Most people who read this blog are friends of ours, wondering how we’re getting on. But some of you may be planning a visit to Granada and would like some pointers on what to do or see.
So here, in the name of guidance to travellers, is our potted guide to the best of Granada.
Six of the best in Granada
– Take a carriage ride when you first arrive to acquaint yourself with the town layout. Thereafter, you can walk everywhere. We used Salvatore (No. 20) who was helpful and spoke some English; there’s also one woman driver amidst all the men.
– Tour the churches. The mustard-and-rust hues of the cathedral dominate in the centre of town, but San Francisco’s museum is worth a visit. Guadalupe is photogenic in the morning sun while the bell-tower of. La Merced offers the best views of the city, especially at sundown. Xalteva is also worth a look.
-You will smell the lake long before you reach it at the end of town, and we wouldn’t be seen dead in the water in the recreational area nearby. But the little boats or lanchas that take visitors on a tour of the small islands (isletas) are worth a spin. Just go down to the shore and haggle with the boatsmen; there’s plenty of choice.
– Go out to the Laguna de Apoyo for the day, or even stay overnight. A taxi to one of the lakeside resorts costs about $10 one way. The waters are clean and the lake breezes ensure that it’s never too hot.
– Just hang out in the Parque Central and watch the world go by. Eat Vigoron or hot dogs (such as the one Luca is enjoying here) from one of the street-sellers or check out what’s happening in the Tres Mundos arts centre.
– Spend a day lazing at the swimming pool of the Hotel Granada. The salt water is gorgeous and although there are never more than a handful of people there, it’s supremely well kept.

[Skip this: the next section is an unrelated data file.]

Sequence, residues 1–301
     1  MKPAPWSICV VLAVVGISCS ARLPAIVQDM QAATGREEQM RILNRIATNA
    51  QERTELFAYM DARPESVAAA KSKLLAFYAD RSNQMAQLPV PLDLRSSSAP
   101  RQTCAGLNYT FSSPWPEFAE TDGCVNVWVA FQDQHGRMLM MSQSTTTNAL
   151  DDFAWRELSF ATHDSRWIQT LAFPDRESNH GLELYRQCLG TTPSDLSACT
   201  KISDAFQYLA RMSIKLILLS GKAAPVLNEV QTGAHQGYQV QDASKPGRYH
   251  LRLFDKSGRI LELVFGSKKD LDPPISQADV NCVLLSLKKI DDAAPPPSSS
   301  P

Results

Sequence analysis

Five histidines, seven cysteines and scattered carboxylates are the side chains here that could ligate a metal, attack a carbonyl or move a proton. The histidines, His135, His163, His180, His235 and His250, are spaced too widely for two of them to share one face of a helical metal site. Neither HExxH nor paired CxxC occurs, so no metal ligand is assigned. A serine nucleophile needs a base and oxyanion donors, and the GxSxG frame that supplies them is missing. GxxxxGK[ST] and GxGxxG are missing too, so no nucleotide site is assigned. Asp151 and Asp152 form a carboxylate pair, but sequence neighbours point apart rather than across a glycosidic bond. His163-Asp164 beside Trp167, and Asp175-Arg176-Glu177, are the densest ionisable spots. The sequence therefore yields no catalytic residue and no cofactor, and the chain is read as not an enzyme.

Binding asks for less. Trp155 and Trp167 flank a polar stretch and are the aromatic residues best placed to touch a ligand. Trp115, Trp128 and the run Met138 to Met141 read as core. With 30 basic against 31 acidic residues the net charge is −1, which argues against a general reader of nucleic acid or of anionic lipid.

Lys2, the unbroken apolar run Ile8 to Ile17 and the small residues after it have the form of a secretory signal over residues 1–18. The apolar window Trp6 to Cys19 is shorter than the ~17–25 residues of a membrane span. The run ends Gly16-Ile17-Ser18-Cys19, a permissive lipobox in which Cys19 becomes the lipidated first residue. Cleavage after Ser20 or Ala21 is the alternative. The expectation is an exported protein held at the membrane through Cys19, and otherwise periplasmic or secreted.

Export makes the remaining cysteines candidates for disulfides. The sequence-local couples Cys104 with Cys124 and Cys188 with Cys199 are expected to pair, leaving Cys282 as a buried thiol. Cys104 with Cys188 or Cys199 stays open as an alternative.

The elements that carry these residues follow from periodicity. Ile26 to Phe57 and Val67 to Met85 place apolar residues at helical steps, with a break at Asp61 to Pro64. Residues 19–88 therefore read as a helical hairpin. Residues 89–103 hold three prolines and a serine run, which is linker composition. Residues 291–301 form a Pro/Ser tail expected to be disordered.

Where to eat
The best meal we had in our three months in Nicaragua was in Leon (Le Turon) which is not the greatest tribute to Granada’s food reputation. That said, the city has plenty of good cafes and restaurants offering fresh food at reasonable prices (plus a few overpriced emporiums aimed at passing tourists).
The Garden Cafe is consistent and reliable – good food at reasonable prices, friendly staff and a nice ambience. If only they’d change the Norah Jones CD they’ve been playing for the last three years.
Our lunch favourite was Cafe de Los Suenos on the Calzada, for its fantastic salads and lovely staff. El Garaje also does a decent lunch though it lacks a bit in atmosphere.
Our favourite pizzas were in Monna Lisa while O’Shea’s Irish bar was also good for comfort food such as Shepherd’s Pie and fish and chips. Expressionista, up by Xalteva, is a cool cafe serving sophisticated fare at stratospheric prices; more New York than Granada.
El Camelo on Calle El Camito is a great spot for well priced Middle Eastern and Asian food. Order camels’ toes and deep fried avocado with roasted garlic dip. Keep an eye out for Leroy’s cakes and cheesecakes.
Pan de Vida near the Iglesia San Francisco is a brick oven bakery producing a small volume of high quality bread and cakes. Look for focaccia, banana and chocolate bread and cinnamon buns at the weekends.